Background and objectives Urban agriculture began under hard economic times and isolation from the rest of the world following the disintegration of the Soviet Union in All exports and imports collapsed, this meant no oil, tractors, fertilizers pesticides or any other inputs. Cuba had to fend for itself, and food production had to be done all in house without relying on any imported goods or resources for production. So the Cuban people adopted organic agriculture as a survival mechanism to grow the food they needed to feed their families.
However, scientists and ecopreneurs are already experimenting and coming up with new ideas to incorporate local farming within urban lifestyles. Nourishing the planet will become increasingly difficult as the global population reaches nine billion by the year Along with growing population, there will also be an increase in pollution, pressure on agriculture and diminishing environmental resources.
Feeding the huge urban population will become more challenging, and so, it has become necessary in many cities of the world to practice urban agriculture and to come up with innovative solutions for growing and distributing food in urban environments.
Urban farmers have to come up with creative ways to maximize space and fit their operations into an urban environment. Limited space has not stopped urban farmers from raising livestock, fish and growing fruits and vegetables in cities.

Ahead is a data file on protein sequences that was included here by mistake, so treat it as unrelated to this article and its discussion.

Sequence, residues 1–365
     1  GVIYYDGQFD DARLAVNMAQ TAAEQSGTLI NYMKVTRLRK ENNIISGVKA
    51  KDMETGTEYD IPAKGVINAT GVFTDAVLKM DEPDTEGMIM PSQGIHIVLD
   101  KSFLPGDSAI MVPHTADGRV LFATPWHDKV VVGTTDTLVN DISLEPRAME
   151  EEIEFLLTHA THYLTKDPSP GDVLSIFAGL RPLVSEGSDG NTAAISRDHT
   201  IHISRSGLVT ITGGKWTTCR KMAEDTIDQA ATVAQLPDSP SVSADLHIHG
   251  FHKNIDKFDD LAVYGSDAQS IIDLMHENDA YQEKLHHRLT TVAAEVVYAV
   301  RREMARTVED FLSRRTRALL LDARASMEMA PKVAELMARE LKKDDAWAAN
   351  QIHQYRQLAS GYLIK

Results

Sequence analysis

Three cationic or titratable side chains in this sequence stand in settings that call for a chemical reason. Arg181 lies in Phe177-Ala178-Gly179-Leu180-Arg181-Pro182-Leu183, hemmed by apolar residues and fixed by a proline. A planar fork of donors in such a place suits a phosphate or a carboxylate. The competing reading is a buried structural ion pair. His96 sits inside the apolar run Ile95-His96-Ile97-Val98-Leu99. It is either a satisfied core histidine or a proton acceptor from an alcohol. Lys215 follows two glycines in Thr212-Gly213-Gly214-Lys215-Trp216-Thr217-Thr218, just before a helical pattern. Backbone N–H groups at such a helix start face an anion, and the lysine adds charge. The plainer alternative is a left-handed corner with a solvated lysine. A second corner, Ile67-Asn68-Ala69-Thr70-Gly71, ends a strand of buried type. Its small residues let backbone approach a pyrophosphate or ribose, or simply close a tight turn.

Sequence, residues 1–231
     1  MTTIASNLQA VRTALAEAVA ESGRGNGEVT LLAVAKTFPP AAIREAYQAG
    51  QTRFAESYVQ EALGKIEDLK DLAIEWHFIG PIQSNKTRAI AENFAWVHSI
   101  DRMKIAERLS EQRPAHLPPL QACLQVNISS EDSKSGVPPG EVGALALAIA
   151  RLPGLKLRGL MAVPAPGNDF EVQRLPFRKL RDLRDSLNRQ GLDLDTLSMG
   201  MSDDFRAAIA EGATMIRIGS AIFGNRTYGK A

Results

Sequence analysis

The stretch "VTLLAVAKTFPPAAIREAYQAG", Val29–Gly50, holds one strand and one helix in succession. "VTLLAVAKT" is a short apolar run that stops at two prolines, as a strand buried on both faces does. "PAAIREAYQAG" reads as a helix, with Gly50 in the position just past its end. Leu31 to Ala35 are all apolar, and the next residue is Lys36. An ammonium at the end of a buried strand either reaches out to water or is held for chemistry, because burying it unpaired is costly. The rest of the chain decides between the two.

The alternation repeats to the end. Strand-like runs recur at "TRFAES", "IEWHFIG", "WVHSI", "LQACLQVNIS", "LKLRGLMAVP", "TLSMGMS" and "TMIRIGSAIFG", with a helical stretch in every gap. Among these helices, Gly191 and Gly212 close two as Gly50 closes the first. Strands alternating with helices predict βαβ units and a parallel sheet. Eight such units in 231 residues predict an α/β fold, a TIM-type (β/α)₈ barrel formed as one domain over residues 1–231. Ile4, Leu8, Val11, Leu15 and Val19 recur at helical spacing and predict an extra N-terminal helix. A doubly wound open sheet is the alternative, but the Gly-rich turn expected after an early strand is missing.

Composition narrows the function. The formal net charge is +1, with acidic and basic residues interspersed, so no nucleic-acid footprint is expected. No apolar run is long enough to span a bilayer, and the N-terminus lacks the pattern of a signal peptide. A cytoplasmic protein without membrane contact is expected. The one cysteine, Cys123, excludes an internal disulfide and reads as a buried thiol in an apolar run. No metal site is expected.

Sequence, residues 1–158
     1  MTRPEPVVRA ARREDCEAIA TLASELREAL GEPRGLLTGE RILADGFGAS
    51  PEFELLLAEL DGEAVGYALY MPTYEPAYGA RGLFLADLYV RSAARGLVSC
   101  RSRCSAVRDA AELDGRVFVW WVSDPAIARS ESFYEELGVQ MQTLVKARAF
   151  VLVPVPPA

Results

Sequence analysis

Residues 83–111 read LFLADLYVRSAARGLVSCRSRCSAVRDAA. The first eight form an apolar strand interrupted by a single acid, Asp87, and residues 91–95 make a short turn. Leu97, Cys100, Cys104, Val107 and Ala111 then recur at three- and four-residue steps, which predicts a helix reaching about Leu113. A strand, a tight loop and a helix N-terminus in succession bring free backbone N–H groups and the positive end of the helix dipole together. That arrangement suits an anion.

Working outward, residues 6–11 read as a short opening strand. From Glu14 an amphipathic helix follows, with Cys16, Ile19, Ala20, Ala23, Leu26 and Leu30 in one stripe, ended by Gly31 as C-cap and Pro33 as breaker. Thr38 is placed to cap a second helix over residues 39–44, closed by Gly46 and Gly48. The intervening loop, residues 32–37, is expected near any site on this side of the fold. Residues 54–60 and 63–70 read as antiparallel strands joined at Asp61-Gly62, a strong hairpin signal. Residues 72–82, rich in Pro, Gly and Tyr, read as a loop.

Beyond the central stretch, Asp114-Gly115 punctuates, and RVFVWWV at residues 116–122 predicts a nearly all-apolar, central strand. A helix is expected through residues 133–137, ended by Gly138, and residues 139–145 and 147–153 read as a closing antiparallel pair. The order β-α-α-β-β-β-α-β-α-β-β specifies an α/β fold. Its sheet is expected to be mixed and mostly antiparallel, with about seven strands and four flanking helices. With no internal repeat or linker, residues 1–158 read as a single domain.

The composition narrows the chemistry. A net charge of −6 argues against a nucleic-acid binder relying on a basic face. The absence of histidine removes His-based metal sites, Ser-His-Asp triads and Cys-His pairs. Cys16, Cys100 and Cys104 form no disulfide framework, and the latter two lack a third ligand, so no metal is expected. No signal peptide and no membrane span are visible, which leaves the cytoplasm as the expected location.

Below are some of the innovative ideas compiled from around the world. They converted the old site of an elementary school in Detroit into a revitalized farm, with a mission to create an alternative to the corporate food system.
The local community has been enjoying the project of Food Field and been supporting them by either purchasing locally grown farm fresh produce and eating the sustainable produce in weekly CSA boxes, in restaurants or by volunteering on the farm.
With the latest technology and aquaponic systems, Food Field has expanded even more in recent years.
They produce a wide variety of food for the community including salad favorites and other vegetables. Sky Green, Singapore Singapore is a very small country with very few farm lands where only seven percent of vegetables come from locally grown produce.
This ensures urban farming while minimizing the global impacts and also reduce pressure on agriculture. This urban farming method utilizes aquaponic methods where the water from the fish tank is re-circulated to feed the plants. What set this office apart from other offices are there are tomatoes dangling from the ceiling, herbs that grow in meeting rooms and a rice paddy as the lobby centerpiece.
EPA has said in an article titled: To obtain a zero-waste full-circle farm fish is raised indoors in fish tanks where the waste from fish tanks is used as fertilizer for vegetable gardens.
Water from fish tanks is pumped into large produces fields, providing nutrients for the plants and increasing the yield and harvest of crops. Urban farming is becoming increasingly popular around the world as it has become necessary to increase global food production to tackle food demands and also to minimize global impacts.